A woman was coming from the opposite direction. Anne Berkshire had taken the Metro here. She was in her late fifties, petite, with gray hair cut in parentheses around her long, oval face. As she approached the Hoover Building she seemed to hesitate. There was no lanyard around her neck. The only ID she possessed was the driver’s license in her purse.

  It was late morning and the streets were not as crowded as they would have been earlier. Still, there were a great many pedestrians and the street hummed with activity as cars passed up and down with some vehicles making their way into an underground parking garage at the Hoover Building.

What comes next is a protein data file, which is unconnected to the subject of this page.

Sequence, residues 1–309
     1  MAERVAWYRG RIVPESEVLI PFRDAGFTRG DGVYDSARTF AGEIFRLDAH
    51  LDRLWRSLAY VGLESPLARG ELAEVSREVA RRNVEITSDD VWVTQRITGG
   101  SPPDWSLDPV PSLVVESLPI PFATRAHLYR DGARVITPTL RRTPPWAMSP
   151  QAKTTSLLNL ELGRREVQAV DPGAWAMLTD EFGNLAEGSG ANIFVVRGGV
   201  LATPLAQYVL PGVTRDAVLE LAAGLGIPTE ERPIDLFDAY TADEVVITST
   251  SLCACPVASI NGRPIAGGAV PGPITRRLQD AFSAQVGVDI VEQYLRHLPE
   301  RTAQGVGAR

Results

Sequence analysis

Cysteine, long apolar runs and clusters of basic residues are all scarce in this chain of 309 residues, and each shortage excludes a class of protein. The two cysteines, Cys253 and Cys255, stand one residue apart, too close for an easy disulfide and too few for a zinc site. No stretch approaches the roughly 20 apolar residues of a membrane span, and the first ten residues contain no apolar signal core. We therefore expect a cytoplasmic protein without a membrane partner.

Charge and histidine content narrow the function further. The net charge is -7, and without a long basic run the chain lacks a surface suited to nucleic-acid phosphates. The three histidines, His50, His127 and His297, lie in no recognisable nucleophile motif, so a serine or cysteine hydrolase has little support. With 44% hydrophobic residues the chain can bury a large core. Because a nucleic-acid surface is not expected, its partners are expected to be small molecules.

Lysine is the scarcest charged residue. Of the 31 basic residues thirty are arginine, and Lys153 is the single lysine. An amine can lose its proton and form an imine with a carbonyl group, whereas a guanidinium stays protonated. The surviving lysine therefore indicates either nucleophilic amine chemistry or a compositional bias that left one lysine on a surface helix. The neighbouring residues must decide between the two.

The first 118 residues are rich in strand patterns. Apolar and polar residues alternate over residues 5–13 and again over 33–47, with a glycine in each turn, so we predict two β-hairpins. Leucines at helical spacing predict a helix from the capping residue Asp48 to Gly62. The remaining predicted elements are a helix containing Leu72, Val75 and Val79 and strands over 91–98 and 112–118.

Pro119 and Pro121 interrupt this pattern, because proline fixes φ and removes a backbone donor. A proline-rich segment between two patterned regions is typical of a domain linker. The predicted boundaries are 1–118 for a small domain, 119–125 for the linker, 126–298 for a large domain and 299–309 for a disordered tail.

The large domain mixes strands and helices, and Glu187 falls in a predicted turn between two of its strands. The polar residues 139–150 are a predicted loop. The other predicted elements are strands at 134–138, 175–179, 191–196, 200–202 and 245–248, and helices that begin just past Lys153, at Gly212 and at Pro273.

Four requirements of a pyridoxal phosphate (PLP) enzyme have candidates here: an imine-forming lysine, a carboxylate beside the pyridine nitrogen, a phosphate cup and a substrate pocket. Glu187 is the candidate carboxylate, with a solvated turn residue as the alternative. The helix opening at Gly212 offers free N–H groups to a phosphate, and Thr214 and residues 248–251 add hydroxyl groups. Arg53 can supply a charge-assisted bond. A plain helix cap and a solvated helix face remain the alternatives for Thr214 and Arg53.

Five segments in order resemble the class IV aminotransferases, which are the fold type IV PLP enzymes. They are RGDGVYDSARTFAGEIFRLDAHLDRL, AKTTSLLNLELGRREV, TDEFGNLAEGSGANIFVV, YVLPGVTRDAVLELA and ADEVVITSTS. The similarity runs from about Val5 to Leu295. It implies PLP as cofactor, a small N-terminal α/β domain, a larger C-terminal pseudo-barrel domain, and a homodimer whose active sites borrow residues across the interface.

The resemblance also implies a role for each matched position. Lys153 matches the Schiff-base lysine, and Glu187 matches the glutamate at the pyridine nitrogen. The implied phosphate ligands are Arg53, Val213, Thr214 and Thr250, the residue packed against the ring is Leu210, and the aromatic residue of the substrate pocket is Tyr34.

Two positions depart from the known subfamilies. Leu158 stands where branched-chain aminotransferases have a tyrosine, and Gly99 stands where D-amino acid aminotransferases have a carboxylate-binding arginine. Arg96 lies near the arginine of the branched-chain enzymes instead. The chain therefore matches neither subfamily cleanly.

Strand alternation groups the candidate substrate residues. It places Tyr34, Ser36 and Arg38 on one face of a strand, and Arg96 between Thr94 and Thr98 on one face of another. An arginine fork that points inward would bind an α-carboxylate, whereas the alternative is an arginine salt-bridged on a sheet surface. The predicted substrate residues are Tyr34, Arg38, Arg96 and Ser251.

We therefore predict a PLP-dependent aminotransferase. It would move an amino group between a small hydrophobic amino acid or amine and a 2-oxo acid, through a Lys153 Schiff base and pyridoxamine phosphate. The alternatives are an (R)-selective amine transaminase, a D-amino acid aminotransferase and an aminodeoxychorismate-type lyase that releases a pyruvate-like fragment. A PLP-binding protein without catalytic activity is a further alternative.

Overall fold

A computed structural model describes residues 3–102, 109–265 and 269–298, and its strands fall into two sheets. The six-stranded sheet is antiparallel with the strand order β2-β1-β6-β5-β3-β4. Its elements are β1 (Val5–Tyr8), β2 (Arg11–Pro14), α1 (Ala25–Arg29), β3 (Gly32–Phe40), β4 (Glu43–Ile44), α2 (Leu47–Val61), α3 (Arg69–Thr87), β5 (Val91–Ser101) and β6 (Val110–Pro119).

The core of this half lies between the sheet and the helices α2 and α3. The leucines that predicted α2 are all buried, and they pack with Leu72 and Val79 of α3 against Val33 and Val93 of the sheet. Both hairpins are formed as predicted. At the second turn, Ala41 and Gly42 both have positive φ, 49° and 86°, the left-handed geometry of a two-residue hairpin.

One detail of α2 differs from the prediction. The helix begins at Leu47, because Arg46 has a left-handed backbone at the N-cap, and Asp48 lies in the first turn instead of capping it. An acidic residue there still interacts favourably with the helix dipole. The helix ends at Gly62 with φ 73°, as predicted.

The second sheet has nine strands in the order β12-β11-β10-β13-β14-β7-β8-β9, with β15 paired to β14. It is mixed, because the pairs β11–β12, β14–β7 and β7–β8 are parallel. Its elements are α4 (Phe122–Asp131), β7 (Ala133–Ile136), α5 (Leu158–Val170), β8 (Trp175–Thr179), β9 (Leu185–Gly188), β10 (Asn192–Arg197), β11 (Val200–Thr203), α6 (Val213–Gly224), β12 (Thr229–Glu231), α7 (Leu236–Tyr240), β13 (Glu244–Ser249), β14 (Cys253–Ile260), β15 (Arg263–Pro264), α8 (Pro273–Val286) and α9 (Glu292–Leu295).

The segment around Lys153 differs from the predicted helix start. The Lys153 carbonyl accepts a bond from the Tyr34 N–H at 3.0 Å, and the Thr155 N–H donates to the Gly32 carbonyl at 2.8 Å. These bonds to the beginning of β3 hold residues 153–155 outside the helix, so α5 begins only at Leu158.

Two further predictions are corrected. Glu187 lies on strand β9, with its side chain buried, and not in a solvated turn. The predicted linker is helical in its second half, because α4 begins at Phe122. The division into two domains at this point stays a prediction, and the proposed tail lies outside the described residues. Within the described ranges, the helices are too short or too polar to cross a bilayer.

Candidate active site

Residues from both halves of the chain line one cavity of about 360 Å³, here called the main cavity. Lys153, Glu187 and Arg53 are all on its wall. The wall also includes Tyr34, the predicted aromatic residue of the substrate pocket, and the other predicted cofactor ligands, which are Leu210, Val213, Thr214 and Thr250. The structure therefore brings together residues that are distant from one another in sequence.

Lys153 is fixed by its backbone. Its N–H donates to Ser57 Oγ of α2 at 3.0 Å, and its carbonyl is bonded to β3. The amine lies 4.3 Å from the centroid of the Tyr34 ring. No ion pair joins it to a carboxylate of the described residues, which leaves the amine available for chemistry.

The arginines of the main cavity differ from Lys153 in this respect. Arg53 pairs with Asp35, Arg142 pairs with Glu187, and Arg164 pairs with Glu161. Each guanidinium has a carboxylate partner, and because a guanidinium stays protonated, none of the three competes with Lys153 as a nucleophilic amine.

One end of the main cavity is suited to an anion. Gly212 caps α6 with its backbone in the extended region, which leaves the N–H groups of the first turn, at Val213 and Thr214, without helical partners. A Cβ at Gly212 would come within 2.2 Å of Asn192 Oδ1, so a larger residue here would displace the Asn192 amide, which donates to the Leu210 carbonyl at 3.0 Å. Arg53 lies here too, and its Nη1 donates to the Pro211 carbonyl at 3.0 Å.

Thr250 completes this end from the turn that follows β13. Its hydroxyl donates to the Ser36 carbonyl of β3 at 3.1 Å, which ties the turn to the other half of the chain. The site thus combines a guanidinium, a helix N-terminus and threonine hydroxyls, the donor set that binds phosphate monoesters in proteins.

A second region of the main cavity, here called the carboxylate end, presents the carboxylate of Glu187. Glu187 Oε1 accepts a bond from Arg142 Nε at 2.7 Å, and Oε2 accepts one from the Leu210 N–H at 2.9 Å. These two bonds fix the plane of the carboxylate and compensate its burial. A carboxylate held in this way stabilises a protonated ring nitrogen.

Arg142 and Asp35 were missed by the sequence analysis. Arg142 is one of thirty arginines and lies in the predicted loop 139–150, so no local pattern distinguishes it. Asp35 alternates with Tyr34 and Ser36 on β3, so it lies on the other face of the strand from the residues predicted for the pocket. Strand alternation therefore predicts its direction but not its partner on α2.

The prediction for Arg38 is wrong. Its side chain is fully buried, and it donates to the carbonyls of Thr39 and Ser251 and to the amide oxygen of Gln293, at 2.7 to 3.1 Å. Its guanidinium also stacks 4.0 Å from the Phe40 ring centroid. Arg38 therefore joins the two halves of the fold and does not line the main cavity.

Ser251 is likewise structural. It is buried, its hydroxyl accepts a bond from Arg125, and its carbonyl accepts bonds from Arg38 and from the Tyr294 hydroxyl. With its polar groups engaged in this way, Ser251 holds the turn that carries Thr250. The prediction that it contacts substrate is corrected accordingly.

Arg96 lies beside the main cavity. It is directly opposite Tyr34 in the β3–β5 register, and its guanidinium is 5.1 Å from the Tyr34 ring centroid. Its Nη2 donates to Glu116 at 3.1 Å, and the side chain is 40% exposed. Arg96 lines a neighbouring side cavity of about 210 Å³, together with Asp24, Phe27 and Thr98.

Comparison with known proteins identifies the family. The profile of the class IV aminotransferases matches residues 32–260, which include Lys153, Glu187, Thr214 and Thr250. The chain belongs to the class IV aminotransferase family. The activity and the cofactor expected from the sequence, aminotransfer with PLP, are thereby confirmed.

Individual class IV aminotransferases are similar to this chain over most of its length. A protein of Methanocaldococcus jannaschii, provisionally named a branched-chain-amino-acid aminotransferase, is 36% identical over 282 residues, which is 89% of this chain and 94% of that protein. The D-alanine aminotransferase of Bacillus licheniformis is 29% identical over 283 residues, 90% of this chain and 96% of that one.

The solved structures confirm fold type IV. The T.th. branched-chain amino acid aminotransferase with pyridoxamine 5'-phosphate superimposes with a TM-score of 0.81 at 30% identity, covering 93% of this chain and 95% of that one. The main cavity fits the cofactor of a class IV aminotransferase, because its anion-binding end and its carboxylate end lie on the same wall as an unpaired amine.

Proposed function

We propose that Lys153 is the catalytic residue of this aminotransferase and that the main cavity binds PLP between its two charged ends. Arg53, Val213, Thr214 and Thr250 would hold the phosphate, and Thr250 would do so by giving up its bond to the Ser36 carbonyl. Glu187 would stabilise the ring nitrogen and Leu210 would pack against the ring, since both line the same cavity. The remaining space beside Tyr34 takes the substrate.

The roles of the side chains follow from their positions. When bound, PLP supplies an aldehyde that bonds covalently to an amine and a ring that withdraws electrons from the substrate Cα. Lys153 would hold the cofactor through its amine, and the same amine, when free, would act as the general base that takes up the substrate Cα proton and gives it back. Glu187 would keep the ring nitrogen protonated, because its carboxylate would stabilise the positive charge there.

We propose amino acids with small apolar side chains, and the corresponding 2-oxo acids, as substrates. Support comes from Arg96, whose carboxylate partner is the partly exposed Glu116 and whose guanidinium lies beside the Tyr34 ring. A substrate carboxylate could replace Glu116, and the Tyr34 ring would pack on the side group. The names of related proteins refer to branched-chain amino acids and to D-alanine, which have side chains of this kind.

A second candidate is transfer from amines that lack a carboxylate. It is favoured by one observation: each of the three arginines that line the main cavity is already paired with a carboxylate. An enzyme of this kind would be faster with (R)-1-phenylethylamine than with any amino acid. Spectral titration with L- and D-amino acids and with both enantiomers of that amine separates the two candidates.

Dabney picked up his pace a bit, his Allen Edmonds wingtips striking the stained pavement with purpose. He started to whistle a cheery tune. The man seemed not to have a care in the world.

  Berkshire was now walking faster too. Her gaze went to the left and then swung right. She seemed to take in everything with that one sweeping glance.

  About twenty yards behind Dabney, Amos Decker trudged along alone. He was six-five and built like the football player he had once been. He’d been on a diet for several months now and had dropped a chunk of weight, but he could stand to lose quite a bit more. He was dressed in khaki pants stained at the cuff and a long, rumpled Ohio State Buckeyes pullover that concealed both his belly and the Glock 41 Gen4 pistol riding in a belt holster on his waistband. Fully loaded with its standard thirteen-round mag, it weighed thirty-six ounces. His size fourteen shoes hit the pavement with noisy splats. His hair was, to put it kindly, disheveled. Decker worked at the FBI on a joint task force. He was on his way to a meeting at the Hoover Building.